The names roll into my head long before the road sign shows what town is next. The new shingles here or the added grain bins there stand out in my mind. I’ve been on this same trip literally dozens of times. But not since the pandemic and that in itself is what makes it feel a bit like a foreign world.
I felt it was important to document this first trip, both the reasons for it and how it felt. I will be submitting all of my isolation chronicle posts to the University of Saskatchewan pandemic archives project hence the “open road” story.
I set off down the highway with my second shot of vaccine well behind me and a negative rapid test (a weekly requirement for my job). This means I am physically not at risk to myself or to others. So it should not feel so odd. But it does…
ancient aging mother has been missing her youngest. Which itself is an “interesting” side story. Her two out of province daughters (one Alberta and one BC) have gone home for visits (note the plural). This was even before a vaccine was developed. I still can’t wrap my head around it truthfully. My mom is 94, has COPD, significant osteoporosis and high blood pressure. She would never survive Covid19. And yet… Well fill in those blanks yourself as I am trying to continue with the family tongue biting I’ve been doing for months.
I record it here publically for two reasons. It is pertinent to family dynamics that developed during the pandemics and I am quite certain it isn’t just our family where risks were managed differently. Secondly it’s my blog and none of my immediate family sans my husband read it. I have cousins who read it but I suspect that they are also on the let’s not take unnecessary risks side of the spectrum and will just quietly nod their heads and also hold their tongues.
So back to the story, my mom is missing me because I haven’t been home. I usually go down about once every 4 to 6 weeks and have done that for a lot of years. Sometimes it’s less and sometimes it’s a bit more depending on many factors.
We managed a 15 min visit in January when we came to pick up our locally raised beef. I wanted it to be a garage visit but -5 was too cold for her so we put on fresh surgical masks and had a short visit from the doorway but our last visit to stay was just after Christmas 2019.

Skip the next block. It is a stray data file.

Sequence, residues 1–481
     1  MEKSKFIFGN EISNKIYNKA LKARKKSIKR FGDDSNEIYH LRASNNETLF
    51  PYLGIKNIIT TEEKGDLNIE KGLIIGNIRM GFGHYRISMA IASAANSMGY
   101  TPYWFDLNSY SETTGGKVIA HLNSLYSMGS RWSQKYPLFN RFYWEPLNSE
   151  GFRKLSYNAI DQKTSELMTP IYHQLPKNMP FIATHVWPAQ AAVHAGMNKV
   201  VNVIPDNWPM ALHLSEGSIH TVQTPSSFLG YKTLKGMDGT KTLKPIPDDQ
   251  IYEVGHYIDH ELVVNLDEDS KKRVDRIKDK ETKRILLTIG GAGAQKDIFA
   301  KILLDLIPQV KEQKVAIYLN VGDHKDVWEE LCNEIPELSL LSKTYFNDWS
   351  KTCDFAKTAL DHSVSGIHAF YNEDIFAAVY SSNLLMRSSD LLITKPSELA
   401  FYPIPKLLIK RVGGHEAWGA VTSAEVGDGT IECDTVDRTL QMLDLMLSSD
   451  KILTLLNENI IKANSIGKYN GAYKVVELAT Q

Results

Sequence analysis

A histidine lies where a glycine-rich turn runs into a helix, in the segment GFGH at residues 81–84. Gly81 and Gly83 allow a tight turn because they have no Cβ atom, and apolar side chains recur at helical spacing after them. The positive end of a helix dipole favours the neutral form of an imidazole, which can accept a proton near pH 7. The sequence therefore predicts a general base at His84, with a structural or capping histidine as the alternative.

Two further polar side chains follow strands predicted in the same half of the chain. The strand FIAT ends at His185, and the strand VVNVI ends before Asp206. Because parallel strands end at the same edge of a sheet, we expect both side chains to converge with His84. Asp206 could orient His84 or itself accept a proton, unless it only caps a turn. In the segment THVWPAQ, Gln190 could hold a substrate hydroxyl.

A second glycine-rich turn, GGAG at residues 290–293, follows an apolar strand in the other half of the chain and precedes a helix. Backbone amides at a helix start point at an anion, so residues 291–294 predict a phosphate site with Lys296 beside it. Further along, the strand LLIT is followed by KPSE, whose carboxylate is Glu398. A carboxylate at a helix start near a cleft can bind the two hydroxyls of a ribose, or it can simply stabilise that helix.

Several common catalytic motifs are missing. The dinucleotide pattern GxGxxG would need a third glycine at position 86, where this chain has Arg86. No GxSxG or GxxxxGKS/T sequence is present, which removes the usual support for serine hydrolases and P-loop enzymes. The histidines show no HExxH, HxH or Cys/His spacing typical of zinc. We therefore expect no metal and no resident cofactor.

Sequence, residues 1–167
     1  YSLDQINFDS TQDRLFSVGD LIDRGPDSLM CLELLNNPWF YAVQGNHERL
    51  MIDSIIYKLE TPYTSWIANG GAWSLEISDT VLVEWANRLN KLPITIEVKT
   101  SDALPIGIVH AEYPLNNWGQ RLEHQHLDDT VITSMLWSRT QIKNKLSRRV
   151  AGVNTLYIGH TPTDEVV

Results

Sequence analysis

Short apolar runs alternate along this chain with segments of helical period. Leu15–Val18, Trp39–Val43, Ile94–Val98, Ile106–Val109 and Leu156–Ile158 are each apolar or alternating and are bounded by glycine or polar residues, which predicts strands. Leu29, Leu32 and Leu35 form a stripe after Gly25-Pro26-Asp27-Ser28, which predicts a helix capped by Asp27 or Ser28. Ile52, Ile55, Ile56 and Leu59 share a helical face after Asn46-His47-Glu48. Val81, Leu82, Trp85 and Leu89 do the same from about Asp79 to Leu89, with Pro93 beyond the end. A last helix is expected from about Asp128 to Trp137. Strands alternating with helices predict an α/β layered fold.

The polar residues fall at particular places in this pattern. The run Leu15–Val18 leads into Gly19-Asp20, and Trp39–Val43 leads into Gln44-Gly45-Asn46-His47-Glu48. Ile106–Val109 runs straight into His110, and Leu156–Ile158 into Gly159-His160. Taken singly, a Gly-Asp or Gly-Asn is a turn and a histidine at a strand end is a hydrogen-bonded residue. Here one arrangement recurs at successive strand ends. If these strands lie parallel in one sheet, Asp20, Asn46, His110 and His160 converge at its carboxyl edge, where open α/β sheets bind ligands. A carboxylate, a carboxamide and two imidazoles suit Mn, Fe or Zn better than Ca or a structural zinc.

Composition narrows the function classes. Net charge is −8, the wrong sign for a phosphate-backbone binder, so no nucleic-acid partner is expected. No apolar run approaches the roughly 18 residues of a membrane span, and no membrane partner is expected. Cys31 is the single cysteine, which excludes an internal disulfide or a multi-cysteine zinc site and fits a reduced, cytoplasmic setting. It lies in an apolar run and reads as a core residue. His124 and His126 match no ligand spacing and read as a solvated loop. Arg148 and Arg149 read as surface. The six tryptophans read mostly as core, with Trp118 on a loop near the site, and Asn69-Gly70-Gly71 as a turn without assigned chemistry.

This trip, theoretically, was safer. Now well over 65% of all Saskatchewan residents have had their first shot of vaccine although less than 20% are have had double shots. I wrote the start of this post the day I went down and struggled with some of it so that’s why the numbers seem out of date.
Sitting and my back don’t agree with each other so when I am driving alone I must stop around the 2 hour mark, walk and stretch. I often stop at the town where I turn of the divided highway. It has an outdoor food kiosk that we have frequented throughout the years. This was my stopping point as it was almost lunch time. It was busy but there was an orderly distanced lineup and partitions so it felt relatively safe. I ate on the grass in the shade. Did a few stretches and the next stop was my Mom’s house.
Small town rural life must have given the pandemic a different feel. Like it would not happen there. I think there were probably around 10 to 15 cases from what I heard. So I felt that the “downtown” risk was low but I was pleased to see that the locals were all still wearing masks in the grocery store. I can’t say I saw a lot of people but I did keep my distance from those I did see.
The return trip was a later start with a planned supper break at the same spot for a stretch. Except, wait for it, Covid struck there!
Due to the close contact one of our staff member with a Covid positive person, and for the safety of the rest of employees and customers we will be closed till June 27th. Sorry for inconvenience and stay safe everyone.
Jun 14, 2021
So….. it’s still out there affecting people’s lives in small town rural areas. And… potentially still affecting travellers because if I hadn’t chose to stop there I would not have known. That’s why caution is still required until the vaccination rates go higher.
It seems the world wants to move on and open up. Interestingly enough the numbers here in Canada seem to be supporting this. But then one looks are England where they had a longer lock down and higher vacinnation rates and… You guessed it, their numbers are climbing with the Delta variant.
So while I want to believe, and I think we all do, that Covid is in the rear view mirror I am not convinced. I feel that cautious optimism is called for and an ongoing assessment of risk/activity.
Picture light, word heavy. A bit out of date as it’s now 2+ weeks since I’ve been back. And yes, she’s already asking when I am coming back. I had forgotten the sandwich generation feeling during Covid.
What are your thoughts about how we resume life “post restrictions”?